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Mickey Kor, shown here with wife Eva Kor, died Tuesday, Oct. 19, 2021. Both Mickey and Eva, who died in 2019, are Holocaust survivors.
Mickey Kor, shown here with wife Eva Kor, died Tuesday, Oct. 19, 2021. Both Mickey and Eva, who died in 2019, are Holocaust survivors. (Jane Lichtenberg, The Indianapolis Star/TNS)

(Tribune News Service) — Holocaust survivor Michael “Mickey” Kor has died at the age of 95.

He died “peacefully in his sleep” early Tuesday morning at Witham Memorial Hospital in Lebanon, according to a family statement shared by CANDLES Holocaust Museum and Education Center. The Terre Haute museum was founded by Kor’s wife, Holocaust survivor Eva Mozes Kor, who died in 2019 at the age of 85.

Mickey and his son, Alex Kor, watched their last football game together the night before, Alex shared on Twitter. An accompanying photo shows Kor’s hospital room decorated with Boilermaker memorabilia — he was an “avid supporter” of the Purdue football and basketball teams — and balloon letters of his age, 95. He would have celebrated his 96th birthday on Oct. 24.

“The night nurse who was on duty is Jewish and said Kaddish at bedside,” Alex said, referring to a prayer recited in memory of the dead. Like his father, the nurse’s family was from Latvia, Alex said.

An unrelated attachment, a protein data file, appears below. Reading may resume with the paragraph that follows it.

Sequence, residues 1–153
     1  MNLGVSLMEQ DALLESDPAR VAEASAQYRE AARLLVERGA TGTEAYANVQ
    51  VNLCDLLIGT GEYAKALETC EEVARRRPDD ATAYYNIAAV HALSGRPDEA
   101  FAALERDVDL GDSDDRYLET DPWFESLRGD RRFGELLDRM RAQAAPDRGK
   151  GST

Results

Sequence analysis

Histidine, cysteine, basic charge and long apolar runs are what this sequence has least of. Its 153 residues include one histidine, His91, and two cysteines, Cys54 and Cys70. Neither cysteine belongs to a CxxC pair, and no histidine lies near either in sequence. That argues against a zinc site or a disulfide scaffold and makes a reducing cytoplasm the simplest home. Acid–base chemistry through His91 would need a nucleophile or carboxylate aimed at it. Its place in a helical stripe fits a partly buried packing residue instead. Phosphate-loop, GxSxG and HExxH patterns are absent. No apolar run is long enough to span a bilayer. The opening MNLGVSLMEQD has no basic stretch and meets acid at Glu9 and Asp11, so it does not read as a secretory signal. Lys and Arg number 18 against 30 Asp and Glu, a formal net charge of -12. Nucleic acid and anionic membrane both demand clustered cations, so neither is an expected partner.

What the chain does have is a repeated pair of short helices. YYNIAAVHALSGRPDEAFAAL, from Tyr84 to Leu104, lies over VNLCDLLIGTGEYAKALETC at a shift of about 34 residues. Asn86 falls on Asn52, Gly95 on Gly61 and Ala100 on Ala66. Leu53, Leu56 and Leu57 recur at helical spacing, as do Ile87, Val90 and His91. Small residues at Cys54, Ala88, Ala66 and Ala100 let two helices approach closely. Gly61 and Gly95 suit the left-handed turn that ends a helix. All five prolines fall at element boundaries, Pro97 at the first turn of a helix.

Kor was born in Riga, Latvia, in 1925, and he survived four years of slave labor across several Holocaust concentration camps. He was liberated by U.S. soldiers in 1945, according to CANDLES. The museum sponsored a Coca-Cola art bottle project in honor of Kor’s story, as one of his first gifts post-liberation was a bottle of the soda. Since then, he associated Coca-Cola with his “first taste of freedom.”

In 1946, he immigrated to Terre Haute and received American citizenship soon after, “something he greatly treasured,” his family statement said. After settling down and completing his education at Purdue, Kor was proud to serve as a pharmacist for the same military that helped liberate him.

After a decades-long career in pharmacy, Kor stood by his wife when she founded CANDLES in 1995. Most recently, he served as a museum docent and lecturer, the organization shared.

He was “always greeting any guests with the utmost politeness,” CANDLES shared on Facebook. “And he could often be found in the back of the museum happily playing the piano for anyone who would listen.”

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